Saturday, July 11, 2009

Neglecting the blogs ...

Admittedly, I've been neglecting my Politizine and OurConcord Web sites, mostly due to work commitments, which have been pretty overwhelming lately.
A few weeks ago, the staff reporter I worked with took another job in the industry. We were all excited for her but it left a huge hole. Because I haven't had staff support, I have been putting in a lot more than the 45-plus hours per week I normally put into the job, in order to get everything done and maintain what I have always believed was my own personal work standard.
Frankly, it has not been easy trying to maintain the standard alone. In fact, it has been nearly impossible to continue to be one of the top home page poster of the 100-plus weeklies, produce video content, a weekly email alert, weekly poll, numerous blog posts, writing even more stories and editorials [one week it was seven and the next two weeks it was nine ...], and producing, granted, a small print edition. It gave me a broad, albeit short, view into the world of what it is like to be a single editor running an entire operation, trying to meet high journalistic standards while delivering what customers want and expect [thankfully, the reporter was replaced with another from within the company. But, shockingly 14 other newspapers in the unit I work in have no other staff support, just correspondents, and it's not bound to get better].
Needless to say, it's extremely difficult, even in a busy and active town where the stories just fall off the trees. So, you can understand why things might fall by the wayside, or, you would at least assume why some things might.
On top of this, I'm trying to spend more time at home so that my wife can devout more time to her freelance business, in order to make up the difference of a 7 percent corporate pay cut. As things get worse, and they probably will, who knows what will happen. And yet, the journalistic standard - personal, corporate, reader, whatever - remains, nearly impossible to fill in a 40-plus hour workweek.
As I have flipped back and forth between radio and newspapers numerous times during the last decade-plus, the threshold of what is expected from employees keeps changing. Consumers want more for less; management wants more for less, etc. Essentially, the finish line keeps being moved forward while management and owners fiddle with everything under the sun, unable to predict the future and in some cases, unable to make the smallest decision about what is best. Sometimes, they make extremely bad decisions. They are only human, after all. We all make mistakes. But shouldn't employees be honest about what they are feeling and shouldn't they have more of a role than just mopping up the mess and trying to make due? We're all in the boat together, right?
At some point, it just breaks. For many, it already has. I can count on four or five sets of hands the number of talented broadcasters and journalists who have left [or been driven out of] the business due to these factors when it simply didn't need to be this way. And yet, it didn't have to be this way. I know from my reading that there is really a difference between management and leadership and it is clear. It isn't easy to change from moving the chairs on the Titanic to making sure that everyone gets off the boat safely and soundly. Should employees be inspired and driven to reach new heights or driven and inspired to flee?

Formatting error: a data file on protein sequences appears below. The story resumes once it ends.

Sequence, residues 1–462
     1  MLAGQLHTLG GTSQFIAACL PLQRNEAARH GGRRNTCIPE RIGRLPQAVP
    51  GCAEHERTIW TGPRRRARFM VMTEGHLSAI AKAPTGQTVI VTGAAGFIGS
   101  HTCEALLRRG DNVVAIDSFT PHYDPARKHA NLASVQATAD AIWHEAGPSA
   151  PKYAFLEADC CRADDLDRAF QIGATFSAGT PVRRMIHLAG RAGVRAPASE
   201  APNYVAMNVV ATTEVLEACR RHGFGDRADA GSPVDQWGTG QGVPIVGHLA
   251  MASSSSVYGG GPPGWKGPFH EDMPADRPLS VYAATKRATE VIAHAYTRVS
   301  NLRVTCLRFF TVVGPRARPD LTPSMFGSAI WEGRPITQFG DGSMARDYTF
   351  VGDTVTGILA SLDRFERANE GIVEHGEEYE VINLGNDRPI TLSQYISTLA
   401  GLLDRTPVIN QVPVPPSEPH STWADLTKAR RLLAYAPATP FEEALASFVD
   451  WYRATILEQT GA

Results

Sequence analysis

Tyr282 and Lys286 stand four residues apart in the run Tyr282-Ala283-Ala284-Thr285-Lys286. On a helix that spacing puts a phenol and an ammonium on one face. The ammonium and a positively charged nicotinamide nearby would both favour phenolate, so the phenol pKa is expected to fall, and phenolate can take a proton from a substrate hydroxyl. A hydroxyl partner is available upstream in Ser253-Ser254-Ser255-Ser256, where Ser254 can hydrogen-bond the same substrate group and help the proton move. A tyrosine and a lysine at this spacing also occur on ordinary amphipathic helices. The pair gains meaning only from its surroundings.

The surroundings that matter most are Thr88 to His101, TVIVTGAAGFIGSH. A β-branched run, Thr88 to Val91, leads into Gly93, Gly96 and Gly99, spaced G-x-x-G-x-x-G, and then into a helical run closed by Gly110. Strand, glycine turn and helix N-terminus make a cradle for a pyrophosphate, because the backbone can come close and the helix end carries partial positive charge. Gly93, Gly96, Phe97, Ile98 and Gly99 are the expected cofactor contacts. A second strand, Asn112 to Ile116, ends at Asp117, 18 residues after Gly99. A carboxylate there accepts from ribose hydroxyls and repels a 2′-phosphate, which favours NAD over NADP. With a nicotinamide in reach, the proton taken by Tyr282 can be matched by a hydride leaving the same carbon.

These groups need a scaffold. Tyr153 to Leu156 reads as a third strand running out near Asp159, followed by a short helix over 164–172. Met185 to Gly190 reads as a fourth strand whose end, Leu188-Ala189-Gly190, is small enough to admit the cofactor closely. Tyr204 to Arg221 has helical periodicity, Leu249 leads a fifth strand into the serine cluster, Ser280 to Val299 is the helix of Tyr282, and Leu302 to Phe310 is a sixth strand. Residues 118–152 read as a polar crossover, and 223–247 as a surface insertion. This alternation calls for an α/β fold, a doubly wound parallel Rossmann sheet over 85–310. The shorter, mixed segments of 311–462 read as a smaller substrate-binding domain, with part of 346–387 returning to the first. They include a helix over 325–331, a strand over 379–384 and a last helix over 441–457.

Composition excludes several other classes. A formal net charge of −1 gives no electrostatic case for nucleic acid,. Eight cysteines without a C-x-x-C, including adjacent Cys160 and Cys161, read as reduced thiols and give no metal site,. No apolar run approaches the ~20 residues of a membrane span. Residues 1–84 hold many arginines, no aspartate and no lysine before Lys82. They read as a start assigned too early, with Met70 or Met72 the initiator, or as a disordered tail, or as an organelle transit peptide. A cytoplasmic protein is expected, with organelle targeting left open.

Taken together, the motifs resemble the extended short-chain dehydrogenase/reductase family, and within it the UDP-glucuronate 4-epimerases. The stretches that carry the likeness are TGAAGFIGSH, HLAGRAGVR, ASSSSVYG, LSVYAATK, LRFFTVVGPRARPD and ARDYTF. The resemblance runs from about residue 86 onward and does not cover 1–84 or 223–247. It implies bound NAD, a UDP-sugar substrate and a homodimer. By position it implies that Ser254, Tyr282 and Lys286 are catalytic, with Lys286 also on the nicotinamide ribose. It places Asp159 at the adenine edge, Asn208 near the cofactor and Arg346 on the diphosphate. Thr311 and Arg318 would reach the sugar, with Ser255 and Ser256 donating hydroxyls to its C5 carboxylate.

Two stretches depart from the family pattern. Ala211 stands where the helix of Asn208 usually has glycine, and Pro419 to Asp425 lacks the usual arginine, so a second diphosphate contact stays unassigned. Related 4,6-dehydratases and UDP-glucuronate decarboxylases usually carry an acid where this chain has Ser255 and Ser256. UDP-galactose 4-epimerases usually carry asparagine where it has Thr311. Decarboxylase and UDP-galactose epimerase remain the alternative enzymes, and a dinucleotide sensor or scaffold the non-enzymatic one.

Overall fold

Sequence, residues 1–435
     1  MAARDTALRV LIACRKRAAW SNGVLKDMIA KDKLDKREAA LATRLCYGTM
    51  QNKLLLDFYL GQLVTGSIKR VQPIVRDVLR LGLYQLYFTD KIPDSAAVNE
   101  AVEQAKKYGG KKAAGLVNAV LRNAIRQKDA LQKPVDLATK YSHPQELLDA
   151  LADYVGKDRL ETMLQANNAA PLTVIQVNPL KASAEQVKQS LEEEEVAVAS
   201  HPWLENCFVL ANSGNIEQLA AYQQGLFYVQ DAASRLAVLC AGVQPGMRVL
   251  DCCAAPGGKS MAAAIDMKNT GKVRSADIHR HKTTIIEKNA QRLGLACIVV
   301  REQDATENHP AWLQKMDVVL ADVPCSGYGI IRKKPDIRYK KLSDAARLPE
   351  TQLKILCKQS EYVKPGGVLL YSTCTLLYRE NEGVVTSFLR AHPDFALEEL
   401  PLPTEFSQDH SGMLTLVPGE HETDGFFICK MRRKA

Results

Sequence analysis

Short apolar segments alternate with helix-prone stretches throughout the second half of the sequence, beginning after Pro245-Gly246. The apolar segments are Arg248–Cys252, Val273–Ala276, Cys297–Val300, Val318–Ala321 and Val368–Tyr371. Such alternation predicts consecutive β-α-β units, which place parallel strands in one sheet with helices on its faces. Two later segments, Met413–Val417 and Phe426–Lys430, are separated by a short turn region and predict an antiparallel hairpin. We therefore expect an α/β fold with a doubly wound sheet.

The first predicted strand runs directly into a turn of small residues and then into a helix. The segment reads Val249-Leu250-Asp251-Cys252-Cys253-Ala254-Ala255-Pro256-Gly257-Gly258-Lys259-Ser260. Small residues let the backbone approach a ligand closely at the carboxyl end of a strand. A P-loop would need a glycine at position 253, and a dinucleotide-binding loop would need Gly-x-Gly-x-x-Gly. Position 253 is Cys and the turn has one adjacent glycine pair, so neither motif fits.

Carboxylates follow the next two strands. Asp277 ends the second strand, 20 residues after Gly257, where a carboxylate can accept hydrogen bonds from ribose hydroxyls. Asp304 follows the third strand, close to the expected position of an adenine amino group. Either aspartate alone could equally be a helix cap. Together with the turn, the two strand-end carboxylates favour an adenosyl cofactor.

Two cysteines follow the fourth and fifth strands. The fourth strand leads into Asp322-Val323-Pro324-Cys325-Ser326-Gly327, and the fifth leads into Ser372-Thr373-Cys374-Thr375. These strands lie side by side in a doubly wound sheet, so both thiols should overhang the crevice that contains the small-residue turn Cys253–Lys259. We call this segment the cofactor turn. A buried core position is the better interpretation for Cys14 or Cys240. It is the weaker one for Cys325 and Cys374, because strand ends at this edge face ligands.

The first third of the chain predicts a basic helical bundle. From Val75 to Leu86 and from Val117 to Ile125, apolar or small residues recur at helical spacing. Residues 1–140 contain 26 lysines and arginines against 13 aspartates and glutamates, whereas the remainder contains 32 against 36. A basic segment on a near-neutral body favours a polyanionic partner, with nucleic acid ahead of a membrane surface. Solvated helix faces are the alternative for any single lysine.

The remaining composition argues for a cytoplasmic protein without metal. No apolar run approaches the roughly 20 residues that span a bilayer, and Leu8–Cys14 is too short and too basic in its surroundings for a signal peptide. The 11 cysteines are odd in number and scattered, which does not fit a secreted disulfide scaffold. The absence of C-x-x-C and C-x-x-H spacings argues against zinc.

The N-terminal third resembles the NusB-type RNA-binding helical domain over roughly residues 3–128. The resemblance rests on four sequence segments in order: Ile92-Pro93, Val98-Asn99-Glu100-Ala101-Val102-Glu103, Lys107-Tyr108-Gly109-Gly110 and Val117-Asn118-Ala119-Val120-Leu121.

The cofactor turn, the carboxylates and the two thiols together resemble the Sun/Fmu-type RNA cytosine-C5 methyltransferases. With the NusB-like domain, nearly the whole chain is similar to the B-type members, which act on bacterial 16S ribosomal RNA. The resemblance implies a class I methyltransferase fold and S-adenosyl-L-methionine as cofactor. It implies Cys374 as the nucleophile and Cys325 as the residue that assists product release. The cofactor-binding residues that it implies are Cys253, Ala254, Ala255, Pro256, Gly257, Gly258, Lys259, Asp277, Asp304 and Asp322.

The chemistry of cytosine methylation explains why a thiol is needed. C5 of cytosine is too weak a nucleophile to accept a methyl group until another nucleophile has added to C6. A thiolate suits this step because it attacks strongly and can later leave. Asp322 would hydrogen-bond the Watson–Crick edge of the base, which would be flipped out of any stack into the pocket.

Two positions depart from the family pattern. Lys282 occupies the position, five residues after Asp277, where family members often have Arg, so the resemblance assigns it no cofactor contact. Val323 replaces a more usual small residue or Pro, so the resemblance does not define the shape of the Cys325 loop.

I don't claim to have all the answers. I know I don't. Everyone seems to be in the same pickle these days. But it clear is that something needs to be done to keep the news business alive while at the same time keeping quality employees engaged, activated, and feeling as if they have a role in the future - instead of fearing the future. There are other things too but I want to get on to enjoying my weekend ...
Back to the blogs. I don't know what the future holds for them frankly. As can happen, a couple of times a year, I begin to question and wonder what I'm doing with them and whether or not they are worth the time. I honestly don't know. I had a short conversation with a family member the other day and I realized in the course of that conversation that I am technically middle aged. At 44, I'm probably past what was once considered middle-aged [A Google search of "how old is middle age" revealed 96 million entries on the topic ... Wikipedia says that the U.S. Census lists middle age at 35-44 and 45-54 ... so, that's about right, correct?]
I keep coming back to the book ideas I'm never going to finish, the degree I never finished, the fact that I'm not learning much or growing from much that I'm doing. Sure, life is an education. Family always needs more, and that's fulfilling. But, I need more too and I don't quite know how to bring about that change that will allow me to grow personally and professionally.
I wonder, what are all of you doing out there? Do you think about these things? Do you prospect for the future or does it fall in your lap? Do you analyze the fork in the road or just take one route in the hope that if you make a mistake, you can turn around and drive back? Or, are you just doing whatever you can to get by? Let me know, I'm interested in having an online conversation about how other folks are handling everything that is going on in the world.

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